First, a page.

My dowsing rods have for some weeks been languishing in a corner, no doubt yearning for those heady glory days of midsummer, when we swung around picturesque remnants of the Neolithic world.  I was happy to put away the pendulum.  The rods are different.  They have a much stronger resonance for me.  I like to be outside, I like archaeology and I like stories.  Rods fit in with all of that, and they feel right to me.

Some might think I have taken leave of my senses when I stop hiding my rods and become an out dowser.  I do not care.  My year’s journey has introduced me to some people and some beliefs wacky beyond tolerance.  Observing the enormous range of wackiness and kookiness on offer has given me the confidence to make this choice.  I felt something working when I dowsed those locations.  It is my little subjective view, and my own experience.  The rods moved.  Now I just need to work out why.

 I cannot separate the influence of a subtle force from the work of my imagination or from the natural effects of walking over rough ground.  I decided to get help from the dowsers’ on line forum.  I can find my way around a forum, now.  At the start of this project, I was hardly aware such things existed.

I do like the dowsers.  They represent an interesting tea and scones conformity against a background of outlandish individualism.  I first received kind replies to my post, all urging me to keep trying to learn my own way, but maybe to find some support from a more experienced dowser. 

These were followed by some more detailed postings, which told me more about the complexities what some dowsers in this field believe.  One answer led me to a site where a dowser had painstakingly drawn a diagram of lines he had traced at a stone circle.  My findings at the same circle looked like a half-finished version of his; I had lines in the same places, but he followed them for longer, and they ended in little spirals.  Finding that picture was like opening a gift.  Start the party!  Bring on the balloons!  Something went right!

There is no orthodoxy, no party line among the dowsers.  There is pottiness at the extreme edges.  At times, there are echoes of Spouter, I am afraid.  All corners of the offbeat world are tainted by people who inflate their personal experiences into dogma.  I need to proceed with caution and choose with care.

So that is it.  I am not tying off this particular thread.  I know that something is working for me there, and I know I can have guidance from good, Spouter-free sources if I am careful who I mix with.  Dowsing is going with me.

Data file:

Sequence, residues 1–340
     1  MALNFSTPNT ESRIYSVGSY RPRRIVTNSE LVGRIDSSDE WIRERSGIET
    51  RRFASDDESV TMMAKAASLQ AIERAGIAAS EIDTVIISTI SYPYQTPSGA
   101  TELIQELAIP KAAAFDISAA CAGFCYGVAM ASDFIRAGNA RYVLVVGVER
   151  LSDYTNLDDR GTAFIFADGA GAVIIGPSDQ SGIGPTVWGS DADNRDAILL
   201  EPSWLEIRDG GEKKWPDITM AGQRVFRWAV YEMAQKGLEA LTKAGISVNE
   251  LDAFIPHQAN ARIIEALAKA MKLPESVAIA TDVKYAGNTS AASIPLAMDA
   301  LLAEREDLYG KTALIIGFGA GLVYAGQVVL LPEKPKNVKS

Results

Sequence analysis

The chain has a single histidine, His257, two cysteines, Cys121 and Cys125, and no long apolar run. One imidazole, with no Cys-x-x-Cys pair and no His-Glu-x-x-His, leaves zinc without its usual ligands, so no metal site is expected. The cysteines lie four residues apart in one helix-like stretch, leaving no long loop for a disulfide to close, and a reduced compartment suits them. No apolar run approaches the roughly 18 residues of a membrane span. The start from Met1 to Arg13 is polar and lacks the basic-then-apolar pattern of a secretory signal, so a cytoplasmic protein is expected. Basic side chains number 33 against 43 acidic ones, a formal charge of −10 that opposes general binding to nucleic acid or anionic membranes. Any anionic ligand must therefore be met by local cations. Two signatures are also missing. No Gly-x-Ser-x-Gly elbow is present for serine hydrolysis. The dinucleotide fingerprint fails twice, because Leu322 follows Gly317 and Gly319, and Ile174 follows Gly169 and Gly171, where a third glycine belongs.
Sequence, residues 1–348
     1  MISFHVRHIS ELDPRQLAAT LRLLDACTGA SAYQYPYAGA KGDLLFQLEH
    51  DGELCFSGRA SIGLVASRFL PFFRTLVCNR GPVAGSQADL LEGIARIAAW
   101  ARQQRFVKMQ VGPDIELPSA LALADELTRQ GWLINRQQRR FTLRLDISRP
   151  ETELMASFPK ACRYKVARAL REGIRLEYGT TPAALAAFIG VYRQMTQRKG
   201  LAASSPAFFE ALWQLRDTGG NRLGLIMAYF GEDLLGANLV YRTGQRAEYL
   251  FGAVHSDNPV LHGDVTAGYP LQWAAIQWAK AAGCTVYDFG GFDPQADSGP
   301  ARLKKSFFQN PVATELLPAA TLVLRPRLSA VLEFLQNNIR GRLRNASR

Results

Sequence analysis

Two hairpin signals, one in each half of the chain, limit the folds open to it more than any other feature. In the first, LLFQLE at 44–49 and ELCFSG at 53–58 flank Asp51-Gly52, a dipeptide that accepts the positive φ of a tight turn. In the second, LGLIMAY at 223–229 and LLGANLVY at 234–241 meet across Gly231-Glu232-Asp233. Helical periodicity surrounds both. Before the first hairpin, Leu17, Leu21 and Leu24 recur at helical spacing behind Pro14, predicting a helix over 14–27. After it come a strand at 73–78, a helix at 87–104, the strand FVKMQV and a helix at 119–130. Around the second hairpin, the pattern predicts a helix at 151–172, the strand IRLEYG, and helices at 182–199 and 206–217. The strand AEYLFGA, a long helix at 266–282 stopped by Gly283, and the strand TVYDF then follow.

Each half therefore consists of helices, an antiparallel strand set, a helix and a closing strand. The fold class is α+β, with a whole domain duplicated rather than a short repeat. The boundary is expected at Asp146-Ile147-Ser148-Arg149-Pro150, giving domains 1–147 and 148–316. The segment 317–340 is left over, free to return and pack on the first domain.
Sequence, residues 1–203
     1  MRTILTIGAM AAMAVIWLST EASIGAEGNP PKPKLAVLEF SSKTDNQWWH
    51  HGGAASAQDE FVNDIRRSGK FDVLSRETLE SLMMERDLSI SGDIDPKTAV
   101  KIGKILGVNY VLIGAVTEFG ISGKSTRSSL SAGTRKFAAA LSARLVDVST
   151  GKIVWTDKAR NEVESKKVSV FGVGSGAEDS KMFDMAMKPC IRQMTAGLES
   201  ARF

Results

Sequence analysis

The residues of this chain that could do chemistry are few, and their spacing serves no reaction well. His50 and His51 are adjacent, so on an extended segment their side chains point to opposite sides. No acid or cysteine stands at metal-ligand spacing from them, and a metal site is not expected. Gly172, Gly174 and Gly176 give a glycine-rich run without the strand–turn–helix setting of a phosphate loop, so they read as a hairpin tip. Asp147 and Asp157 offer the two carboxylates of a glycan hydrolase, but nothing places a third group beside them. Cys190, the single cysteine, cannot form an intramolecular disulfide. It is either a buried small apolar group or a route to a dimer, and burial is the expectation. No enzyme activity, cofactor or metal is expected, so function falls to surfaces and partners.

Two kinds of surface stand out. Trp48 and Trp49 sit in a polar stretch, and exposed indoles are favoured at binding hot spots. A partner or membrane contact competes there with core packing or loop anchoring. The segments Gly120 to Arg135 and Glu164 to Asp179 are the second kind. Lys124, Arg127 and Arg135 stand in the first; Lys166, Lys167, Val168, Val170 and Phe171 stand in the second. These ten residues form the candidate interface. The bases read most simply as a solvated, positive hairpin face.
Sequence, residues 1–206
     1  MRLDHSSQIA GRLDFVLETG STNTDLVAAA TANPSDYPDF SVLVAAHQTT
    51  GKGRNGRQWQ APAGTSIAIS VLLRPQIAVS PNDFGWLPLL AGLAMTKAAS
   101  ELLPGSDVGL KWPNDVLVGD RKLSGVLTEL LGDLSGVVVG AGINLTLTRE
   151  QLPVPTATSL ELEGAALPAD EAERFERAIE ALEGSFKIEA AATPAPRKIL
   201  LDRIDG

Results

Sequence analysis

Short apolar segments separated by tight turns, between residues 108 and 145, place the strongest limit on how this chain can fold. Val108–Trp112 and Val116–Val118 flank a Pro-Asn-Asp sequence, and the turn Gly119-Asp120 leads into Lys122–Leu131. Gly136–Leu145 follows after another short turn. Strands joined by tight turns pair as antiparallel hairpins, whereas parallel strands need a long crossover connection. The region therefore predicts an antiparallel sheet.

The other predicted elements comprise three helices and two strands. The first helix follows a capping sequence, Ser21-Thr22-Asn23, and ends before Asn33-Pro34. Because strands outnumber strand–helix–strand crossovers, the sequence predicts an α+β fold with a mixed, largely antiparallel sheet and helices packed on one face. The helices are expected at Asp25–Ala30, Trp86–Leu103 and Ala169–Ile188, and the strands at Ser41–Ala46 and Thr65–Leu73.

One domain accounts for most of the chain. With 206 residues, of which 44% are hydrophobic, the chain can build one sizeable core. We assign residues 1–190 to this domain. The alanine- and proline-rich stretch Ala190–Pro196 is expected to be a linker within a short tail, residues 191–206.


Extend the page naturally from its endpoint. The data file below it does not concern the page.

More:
Psychometry and a Precious Ring

Back near the beginning, my friend Chief Moral Support lent me a ring.  I knew nothing of the ring’s history, and CMS put the details in a sealed envelope, which I then lost for a long time.  We were planning to give it to a medium to find out if he could truly gather information from it, or if he was just picking up clues from appearances.  I was curious to know if psychometry was really happening.

I did not have an opportunity to try this out.  When the mediums are working the crowds, not all the punters get a chance.  My friend asked for her ring to be returned before I had a useful face-to-face encounter.  As a ruse, I was cooling to the idea anyway.  I could see some mediums were obviously fakes.  Others seemed to be doing something, but I was not sure what.  The experiment was not going to happen.  I gave up on the idea and bought a cake instead. 

 Before my friend arrived, for tea, cake and property return, I went upstairs and fished out the ring.  Just as I had been instructed, I took the ring in my left hand, closed my eyes, then dropped it into my right hand.  Very quickly, before I could think about it properly or forget any of it, I scribbled down the words in my head.  It did not really make sense:

 Brown man-y damp boat a little bit dirty quiet blue jumper
Then I left the piece of paper in a little box and went downstairs to put the kettle on.  That was about three months ago.